Why was so much pseudo-science accepted as reasonable explanations for legally and forcibly separating
people who worshiped the same God, read from the same Bible, and looked forward to the same Heaven?
I suppose arguments could be made regarding social comfort and traditional practices. Still, I wonder how many of those outside of the church watched in wonder or mockery as church leaders and laypersons affirmed the right of the government to separate people based on race. I wonder how many atheists mocked the Gospel as so-called Christians remained silent while churches were bombed, busses were bombed, and peaceful demonstrators were set upon by police dogs and high powered fire hoses.
Why was it so difficult for the church to admit legal segregation was wrong? Can a testimony lost ever be regained?
(c) 2014 Deborah Evans
Thursday, July 3, 2014, 4:24 PM
Ladies, when you look in the mirror, what do you see?
If you are a believer in Jesus Christ, your answer can be “I see a beautiful reflection of God when I look in the mirror.”
Why is it so difficult for so many of us to easily and honestly give that answer?
Perhaps no one has ever told us we are beautiful reflections of God.
Reflections of God must be nothing less than beautiful, if we believe God to be beautiful. If our God is beautiful, surely we must share at least a sliver of that beauty in our physical selves. We can see it every day and acknowledge it with gratitude and grace.
Do we let the world tell us what is beautiful? Did some of us get mixed up and lost at that point?
Basically, the world tells all of us that only a very tiny number of us are (or ever can be) truly beautiful and the rest of us must spend some of our spare time imitating, adoring, watching, and obsessing over “the beautiful.” When we are finished with the obsessing and the adoring, we are (directly and indirectly) instructed to head off to the stores and sites to buy something to bring us to a near approximation of beauty. We are offered no guarantees we will actually arrive at “the beauty destination.” We are, however, told we can never give up trying. Trying, by the way, often seems to involve spending lots of money and experimenting with lots of products and waiting in lines in salons, spas, gyms, and the like.
I am all for enhancing physical appearance. Of course, we all want to look our best. Healthy enhancement, however, begins from a place of self-acceptance, not a place of self-denial.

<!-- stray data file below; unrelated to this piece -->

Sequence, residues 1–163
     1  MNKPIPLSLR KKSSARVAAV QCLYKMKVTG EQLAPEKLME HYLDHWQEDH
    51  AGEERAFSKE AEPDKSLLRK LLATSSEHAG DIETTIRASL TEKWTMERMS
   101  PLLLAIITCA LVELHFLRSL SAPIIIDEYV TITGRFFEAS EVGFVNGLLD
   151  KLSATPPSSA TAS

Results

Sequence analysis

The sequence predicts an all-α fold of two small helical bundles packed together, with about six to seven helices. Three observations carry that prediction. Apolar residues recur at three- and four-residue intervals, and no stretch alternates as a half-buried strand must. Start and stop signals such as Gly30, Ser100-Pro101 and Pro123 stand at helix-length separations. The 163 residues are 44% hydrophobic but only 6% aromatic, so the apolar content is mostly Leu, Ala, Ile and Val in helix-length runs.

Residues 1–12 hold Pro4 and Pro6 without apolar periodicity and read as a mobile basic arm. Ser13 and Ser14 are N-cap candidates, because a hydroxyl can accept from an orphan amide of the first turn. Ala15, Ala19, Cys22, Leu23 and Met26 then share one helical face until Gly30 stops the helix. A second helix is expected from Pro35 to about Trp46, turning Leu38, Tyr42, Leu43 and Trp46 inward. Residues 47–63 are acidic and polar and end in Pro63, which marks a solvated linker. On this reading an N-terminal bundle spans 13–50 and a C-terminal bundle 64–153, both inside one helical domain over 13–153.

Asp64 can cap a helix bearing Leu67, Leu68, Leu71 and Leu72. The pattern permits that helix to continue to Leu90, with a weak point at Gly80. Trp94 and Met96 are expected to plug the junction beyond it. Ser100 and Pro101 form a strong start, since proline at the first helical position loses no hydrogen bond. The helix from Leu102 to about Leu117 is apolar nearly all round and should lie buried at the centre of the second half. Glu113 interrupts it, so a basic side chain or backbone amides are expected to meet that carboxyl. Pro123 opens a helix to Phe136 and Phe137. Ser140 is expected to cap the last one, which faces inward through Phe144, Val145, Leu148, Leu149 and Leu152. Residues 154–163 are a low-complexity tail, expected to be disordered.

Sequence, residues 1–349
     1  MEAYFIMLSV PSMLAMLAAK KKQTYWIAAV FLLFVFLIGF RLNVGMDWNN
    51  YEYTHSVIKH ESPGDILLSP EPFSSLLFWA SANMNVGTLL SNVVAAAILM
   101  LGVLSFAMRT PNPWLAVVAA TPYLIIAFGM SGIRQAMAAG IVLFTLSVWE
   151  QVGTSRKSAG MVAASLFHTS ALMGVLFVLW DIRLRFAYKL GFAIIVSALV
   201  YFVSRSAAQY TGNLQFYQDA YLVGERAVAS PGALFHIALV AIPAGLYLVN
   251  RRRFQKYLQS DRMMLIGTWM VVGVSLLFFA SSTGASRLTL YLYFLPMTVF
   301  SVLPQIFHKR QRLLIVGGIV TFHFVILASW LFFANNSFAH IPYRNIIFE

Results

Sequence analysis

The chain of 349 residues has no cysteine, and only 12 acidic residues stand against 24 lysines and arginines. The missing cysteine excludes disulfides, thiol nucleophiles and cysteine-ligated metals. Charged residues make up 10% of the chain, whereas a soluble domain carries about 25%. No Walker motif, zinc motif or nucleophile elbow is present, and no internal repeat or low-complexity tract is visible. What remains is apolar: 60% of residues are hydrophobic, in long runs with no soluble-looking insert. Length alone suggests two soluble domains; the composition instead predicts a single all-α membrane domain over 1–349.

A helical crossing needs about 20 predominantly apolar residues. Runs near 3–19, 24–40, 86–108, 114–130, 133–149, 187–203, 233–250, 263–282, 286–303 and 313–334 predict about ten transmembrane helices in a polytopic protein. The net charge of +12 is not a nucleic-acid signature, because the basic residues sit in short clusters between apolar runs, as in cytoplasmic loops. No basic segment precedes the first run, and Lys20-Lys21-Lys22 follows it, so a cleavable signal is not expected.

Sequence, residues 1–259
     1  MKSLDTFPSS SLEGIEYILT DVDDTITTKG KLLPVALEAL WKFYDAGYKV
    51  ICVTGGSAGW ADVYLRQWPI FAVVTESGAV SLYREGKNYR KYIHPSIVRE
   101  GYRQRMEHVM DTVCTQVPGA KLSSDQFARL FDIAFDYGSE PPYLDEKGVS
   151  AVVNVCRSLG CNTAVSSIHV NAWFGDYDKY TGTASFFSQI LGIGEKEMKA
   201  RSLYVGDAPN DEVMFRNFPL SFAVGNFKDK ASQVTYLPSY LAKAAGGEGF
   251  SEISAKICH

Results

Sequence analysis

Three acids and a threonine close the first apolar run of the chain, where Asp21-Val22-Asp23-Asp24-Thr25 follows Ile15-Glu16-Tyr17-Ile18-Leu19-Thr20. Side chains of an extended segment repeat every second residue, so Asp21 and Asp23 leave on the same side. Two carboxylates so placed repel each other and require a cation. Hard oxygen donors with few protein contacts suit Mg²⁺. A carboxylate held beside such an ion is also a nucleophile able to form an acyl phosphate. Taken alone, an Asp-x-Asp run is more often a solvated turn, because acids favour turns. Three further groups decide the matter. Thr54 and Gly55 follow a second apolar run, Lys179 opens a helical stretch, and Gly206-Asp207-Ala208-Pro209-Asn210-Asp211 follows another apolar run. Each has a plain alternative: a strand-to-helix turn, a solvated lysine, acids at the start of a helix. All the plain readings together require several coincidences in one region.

God tells us we are beautiful because we are His children. I like that approach to beauty. It’s possible for everyone to qualify to be beautiful in God’s approach.
How often have you watched family and friends smile over a newborn, certain the child will grow up to be beautiful because both parents are “good looking”?
Can any less be true for the children of God?
Recently, someone posted this quote on my facebook: “Do not fall in love with what’s on the outside. Fall in love with what’s on the inside, because that is what you will live with.”
I decided to memorize that statement because it is an ongoing reminder to me of how easily so many of us are seduced by good looks, of how easy it is to believe if someone is physically attractive they must also be good in the ways that really count and really matter.
Like many of you, I followed with interest and excitement this year’s media coverage of the Academy Award winning Kenyan actress Lupita Nyong’o. Her stunning expression of confidence in her own beauty (based on character and skill and preparation and courage, along with genes!) seemed to convince many that beauty had no single look. I hope that belief lives on.
Too many of us believe if we have dark skin, tightly curled hair, and full lips, we cannot be beautiful in anyone’s eyes, including our own. That belief is a spiritual problem, because that type of thinking elevates the legacy of colonialism and slavery over God’s permanent declaration of the goodness and beauty of His people.
Too many of us believe if we have fair skin and straight hair, we need to be “fixed” with tanning and (chemically caustic) perms. That belief is a spiritual problem, because these processes are known to damage the health of the physical bodies we need to continue living on the Earth.
Too many of us believe if our bodies do not match a certain size or number, we have no right to be seen in public, and certainly no right to go to swim at the beach or in a public pool, or to wear bright, happy colors. That belief is a spiritual problem, because God does not wait for us to reach a certain size before He expresses His love for us and sends His Holy Spirit to live in us.